S.C. Senate acts to move Confederate flag from dome; NAACP dissatisfied with compromise bill


COLUMBIA, S.C. -- South Carolina legislators will take the next step to remove the Confederate battle flag from their Statehouse dome without the blessing of the NAACP.

The Senate ratified a compromise bill yesterday by a vote of 36-7. The measure will be assigned to a Statehouse committee and will take about two weeks before debate reaches the House floor.

The Senate plan would move the flag from the dome to the Confederate Soldier Monument on the Statehouse's north lawn, one of the most visible spots in the city.

Nelson Rivers, field operations director for the NAACP national office, said the proposal "adds insult to injury."

The NAACP insists it won't accept any plan that flies the flag, which it says is a symbol of racial oppression, at the Statehouse.

Leaders of the National Association for the Advancement of Colored People said they will continue the boycott of South Carolina's $14.6 billion tourism industry that the national organization launched Jan. 1 to pressure legislators to remove the flag.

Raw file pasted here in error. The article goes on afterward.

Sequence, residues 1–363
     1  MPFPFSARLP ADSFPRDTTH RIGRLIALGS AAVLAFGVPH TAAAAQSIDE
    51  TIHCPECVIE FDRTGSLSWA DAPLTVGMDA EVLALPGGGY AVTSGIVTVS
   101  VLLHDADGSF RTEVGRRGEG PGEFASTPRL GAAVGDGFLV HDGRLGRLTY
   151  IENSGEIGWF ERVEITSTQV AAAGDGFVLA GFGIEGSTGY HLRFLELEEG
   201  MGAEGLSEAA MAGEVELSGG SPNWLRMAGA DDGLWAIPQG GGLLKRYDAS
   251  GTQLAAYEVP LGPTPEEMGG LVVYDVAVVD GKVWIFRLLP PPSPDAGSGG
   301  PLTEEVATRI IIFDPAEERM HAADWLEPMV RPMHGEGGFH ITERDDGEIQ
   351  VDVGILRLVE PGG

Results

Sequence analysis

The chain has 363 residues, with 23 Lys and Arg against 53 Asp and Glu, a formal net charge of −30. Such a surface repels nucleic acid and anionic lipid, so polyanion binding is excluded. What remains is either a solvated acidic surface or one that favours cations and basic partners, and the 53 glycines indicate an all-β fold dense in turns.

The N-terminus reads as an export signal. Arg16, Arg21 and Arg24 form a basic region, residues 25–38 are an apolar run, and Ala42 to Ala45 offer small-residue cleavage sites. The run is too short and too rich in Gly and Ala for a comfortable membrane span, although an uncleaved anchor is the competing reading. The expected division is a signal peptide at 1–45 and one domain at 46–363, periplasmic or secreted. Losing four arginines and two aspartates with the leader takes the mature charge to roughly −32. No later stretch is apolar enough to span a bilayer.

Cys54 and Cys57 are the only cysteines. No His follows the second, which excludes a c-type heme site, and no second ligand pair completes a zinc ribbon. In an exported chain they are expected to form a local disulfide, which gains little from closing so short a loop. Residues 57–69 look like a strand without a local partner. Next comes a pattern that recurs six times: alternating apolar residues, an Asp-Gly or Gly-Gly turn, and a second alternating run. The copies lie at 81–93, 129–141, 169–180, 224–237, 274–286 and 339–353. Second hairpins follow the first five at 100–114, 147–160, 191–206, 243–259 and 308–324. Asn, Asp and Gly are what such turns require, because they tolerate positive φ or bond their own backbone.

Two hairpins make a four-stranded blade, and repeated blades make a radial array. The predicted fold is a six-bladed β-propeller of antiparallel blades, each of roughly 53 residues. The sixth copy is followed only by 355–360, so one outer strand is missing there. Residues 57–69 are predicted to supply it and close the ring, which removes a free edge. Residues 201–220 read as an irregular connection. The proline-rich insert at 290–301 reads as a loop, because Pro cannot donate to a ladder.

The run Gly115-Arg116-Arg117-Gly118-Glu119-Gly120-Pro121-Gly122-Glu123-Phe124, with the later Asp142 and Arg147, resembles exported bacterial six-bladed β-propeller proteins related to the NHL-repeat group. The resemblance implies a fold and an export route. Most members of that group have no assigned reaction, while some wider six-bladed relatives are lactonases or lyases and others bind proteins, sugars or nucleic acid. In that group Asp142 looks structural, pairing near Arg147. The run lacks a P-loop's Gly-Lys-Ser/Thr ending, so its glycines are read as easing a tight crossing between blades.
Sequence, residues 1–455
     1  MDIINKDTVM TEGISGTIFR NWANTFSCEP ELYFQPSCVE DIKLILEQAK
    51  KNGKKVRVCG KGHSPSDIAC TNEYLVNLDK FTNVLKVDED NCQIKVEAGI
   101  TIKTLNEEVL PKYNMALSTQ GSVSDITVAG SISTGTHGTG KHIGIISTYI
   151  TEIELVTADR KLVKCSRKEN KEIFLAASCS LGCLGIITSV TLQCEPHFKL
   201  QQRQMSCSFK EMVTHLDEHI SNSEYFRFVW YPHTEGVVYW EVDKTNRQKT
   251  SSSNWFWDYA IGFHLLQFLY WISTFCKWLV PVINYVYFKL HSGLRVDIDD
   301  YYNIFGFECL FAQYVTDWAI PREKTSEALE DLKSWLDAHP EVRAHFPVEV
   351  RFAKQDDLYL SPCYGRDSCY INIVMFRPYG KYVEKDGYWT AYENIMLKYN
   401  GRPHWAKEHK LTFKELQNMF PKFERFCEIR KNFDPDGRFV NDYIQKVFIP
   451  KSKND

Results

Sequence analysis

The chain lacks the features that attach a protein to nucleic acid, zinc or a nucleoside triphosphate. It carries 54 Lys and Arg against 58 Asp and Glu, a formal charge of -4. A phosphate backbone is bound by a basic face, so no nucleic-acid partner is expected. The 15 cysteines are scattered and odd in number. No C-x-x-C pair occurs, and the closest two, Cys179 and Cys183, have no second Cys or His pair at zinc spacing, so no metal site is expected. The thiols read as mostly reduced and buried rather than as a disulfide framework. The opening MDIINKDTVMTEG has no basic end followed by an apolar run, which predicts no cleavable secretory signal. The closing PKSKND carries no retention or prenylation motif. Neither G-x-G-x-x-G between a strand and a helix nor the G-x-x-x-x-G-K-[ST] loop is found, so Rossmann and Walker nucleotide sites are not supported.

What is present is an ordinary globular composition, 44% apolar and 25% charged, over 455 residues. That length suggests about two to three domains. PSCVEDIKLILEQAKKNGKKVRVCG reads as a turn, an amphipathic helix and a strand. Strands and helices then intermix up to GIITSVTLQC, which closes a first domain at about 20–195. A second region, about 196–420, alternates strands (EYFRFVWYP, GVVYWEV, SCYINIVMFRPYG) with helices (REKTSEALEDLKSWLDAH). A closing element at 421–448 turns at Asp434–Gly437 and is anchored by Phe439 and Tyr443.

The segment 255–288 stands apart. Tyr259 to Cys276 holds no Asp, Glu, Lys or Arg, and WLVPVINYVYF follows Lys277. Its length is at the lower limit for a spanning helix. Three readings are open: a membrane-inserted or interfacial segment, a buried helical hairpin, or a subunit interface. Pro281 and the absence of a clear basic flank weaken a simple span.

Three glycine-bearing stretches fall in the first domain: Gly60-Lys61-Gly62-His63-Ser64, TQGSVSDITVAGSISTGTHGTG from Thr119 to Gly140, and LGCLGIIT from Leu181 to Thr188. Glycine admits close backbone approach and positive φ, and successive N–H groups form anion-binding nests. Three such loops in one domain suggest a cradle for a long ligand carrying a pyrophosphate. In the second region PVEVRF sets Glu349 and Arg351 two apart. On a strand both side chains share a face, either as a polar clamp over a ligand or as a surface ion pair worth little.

The battle emblem -- which is incorporated into the state flags of Georgia and Mississippi -- has flown in South Carolina since a 1962 Civil War celebration.

"This was a flag of rebellion," said Rep. Fletcher Smith, a member of the Legislature's Black Caucus. "It was a flag based on treason against the United States government. It shouldn't be a flag that's celebrated by the people of South Carolina."

While some black members of the House bristled at the proposal they will receive next week, black senators said there is little choice.

"Currently, there are two options: Leave it where it is or support this compromise," said state Sen. Darrell Jackson, a black Democrat whose vote helped sway several white senators toward the compromise.

"I had to look within myself and decide that I would rather have it where the compromise put it than where it is now," Jackson said.

House Republican leaders dismissed the NAACP's stance.

"We have to resolve this issue as a legislative body in spite of the NAACP," House Speaker David Wilkins said yesterday. "Unfortunately, in my opinion, they've taken themselves out of the loop. They're no longer a player at the table, because they have not been reasonable to any proposals, they haven't been responsive to any proposals." On Tuesday, Wilkins and other House Republican leaders offered a flag bill similar to the one that passed in the Senate.

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